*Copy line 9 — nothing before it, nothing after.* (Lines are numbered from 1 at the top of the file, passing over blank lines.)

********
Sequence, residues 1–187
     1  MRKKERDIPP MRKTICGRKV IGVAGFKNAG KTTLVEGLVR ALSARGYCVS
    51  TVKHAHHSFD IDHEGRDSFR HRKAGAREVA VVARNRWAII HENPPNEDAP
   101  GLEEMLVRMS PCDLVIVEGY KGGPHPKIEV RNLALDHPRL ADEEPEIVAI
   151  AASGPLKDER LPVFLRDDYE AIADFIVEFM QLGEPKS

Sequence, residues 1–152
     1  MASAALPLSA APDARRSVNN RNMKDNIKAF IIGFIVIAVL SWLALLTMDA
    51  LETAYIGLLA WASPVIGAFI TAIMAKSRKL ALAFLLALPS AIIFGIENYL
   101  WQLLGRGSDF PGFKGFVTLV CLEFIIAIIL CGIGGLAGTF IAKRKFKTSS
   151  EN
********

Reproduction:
   101  WQLLGRGSDF PGFKGFVTLV CLEFIIAIIL CGIGGLAGTF IAKRKFKTSS